The Pivot Fields is still the best option for summer birding for me, that is until we finally get our permits issued for JPR following the recent maintenance on the roads.
A 6am start is essential, to get the best out of the 2-hours available before it gets way to hot. I checked a few spots on the way in, but with no luck - so headed to the two big pans that are a magnet for any birds in this heat.
As usual, the Black-winged Stilts are present in numbers and a very vocal.
|Black-winged Stilt (Himantopus himantopus)|
Both Caspian and Indian Reed Warblers were calling from the reeds. I haven't seen Little Bittern in the past few visits, but am almost certain they are quietly breeding in the reeds.
I saw a large wader on the far side of the pan, but it was against the light. I drove all the way around and then crept toward where I thought it may be. I was not as stealthy as I thought I was and it flushed; an Black-tailed Godwit in full summer plumage. It didn't stay away for long and after 10-minutes came circling back and landed in a different area and continued feeding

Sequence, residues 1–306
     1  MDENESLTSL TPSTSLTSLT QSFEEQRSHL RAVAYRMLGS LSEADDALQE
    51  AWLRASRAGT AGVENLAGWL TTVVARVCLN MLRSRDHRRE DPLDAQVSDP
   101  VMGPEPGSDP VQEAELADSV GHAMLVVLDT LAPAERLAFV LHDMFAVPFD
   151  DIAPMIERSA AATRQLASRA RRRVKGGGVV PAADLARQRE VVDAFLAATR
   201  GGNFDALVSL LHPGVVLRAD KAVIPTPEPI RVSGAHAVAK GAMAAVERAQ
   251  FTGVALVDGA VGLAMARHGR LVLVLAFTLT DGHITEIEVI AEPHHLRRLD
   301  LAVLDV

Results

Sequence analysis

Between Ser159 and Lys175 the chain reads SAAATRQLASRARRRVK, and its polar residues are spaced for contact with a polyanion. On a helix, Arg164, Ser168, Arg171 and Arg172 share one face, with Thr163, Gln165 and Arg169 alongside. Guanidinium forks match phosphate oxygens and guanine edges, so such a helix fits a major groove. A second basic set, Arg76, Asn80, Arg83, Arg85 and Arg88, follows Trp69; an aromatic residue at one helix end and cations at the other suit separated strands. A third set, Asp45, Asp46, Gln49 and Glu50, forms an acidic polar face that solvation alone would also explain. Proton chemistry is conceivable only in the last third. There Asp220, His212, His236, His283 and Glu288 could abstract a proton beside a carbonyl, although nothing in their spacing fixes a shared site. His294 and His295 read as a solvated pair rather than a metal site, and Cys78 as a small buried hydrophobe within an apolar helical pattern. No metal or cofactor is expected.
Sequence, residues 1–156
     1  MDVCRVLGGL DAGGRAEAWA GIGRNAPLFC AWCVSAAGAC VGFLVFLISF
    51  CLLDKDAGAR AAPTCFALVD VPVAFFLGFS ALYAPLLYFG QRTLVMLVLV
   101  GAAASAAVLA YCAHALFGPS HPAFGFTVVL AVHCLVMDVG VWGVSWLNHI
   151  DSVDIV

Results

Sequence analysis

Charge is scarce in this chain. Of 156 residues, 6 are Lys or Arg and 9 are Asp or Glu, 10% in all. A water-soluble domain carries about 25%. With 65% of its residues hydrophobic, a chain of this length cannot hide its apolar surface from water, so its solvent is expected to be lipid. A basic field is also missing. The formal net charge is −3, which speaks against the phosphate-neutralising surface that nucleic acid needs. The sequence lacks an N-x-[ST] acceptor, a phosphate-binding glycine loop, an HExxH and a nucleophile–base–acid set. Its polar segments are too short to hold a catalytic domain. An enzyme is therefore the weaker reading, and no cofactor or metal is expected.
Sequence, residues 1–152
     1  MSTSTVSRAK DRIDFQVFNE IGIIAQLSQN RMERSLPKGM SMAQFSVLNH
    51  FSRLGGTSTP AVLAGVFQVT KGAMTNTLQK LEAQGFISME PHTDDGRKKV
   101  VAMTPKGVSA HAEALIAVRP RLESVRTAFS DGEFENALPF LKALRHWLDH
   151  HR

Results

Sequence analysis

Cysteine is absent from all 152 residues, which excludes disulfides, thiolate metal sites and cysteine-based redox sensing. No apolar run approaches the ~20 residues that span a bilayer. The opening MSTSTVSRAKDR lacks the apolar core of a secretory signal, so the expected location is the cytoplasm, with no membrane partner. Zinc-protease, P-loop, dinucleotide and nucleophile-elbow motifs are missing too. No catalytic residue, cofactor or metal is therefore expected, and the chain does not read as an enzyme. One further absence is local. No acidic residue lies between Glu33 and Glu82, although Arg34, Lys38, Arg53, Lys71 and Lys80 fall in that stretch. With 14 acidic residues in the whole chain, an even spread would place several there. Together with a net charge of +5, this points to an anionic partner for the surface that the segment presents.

|European Black-tailed Godwit (Limosa l. limosa)|
A flock of 10 Little Terns was a surprise
|Little Tern (Sternula albifrons)|
Also seen were Green and Marsh Sandpipers, a couple of Collared Pratincole's and the expected Kentish and Little Ringed Plover
I heard some Lapwings calling above me as they slowly descended to land in one of the fields - 4 Spur-winged Lapwing! I drove to the field where I saw them land and found another 3! That made it 7 and a new HDC (Highest Daily Count) for Kuwait
|Spur-winged Lapwing (Vanellus spinosus), note the spurs|
Whilst waiting in the grass on the edge of the pan, I photographed a few Dragonflies. Thanks to Prof. Christian Monnerat for the ID and for the many other Dragonflies I have photographed
|Male Diplacodes lefebvrii|
And also found what I thought may be a new Damselfly - however it may be a female of the known species. Waiting on confirmation of the ID from Christian
By now I was wilting, so a quick drive around the farm finding Cream-coloured Courser, the same pale form Booted Eagle as last week, Black Kite, a Black-winged Kite and finally a juvenile Greater Hoopoe-Lark in between feeding and resting in any shade it could find
|Greater Hoopoe-Lark (Alaemon alaudipes)|
I was pretty happy with 32 species seen in 2-hours birding at this really productive site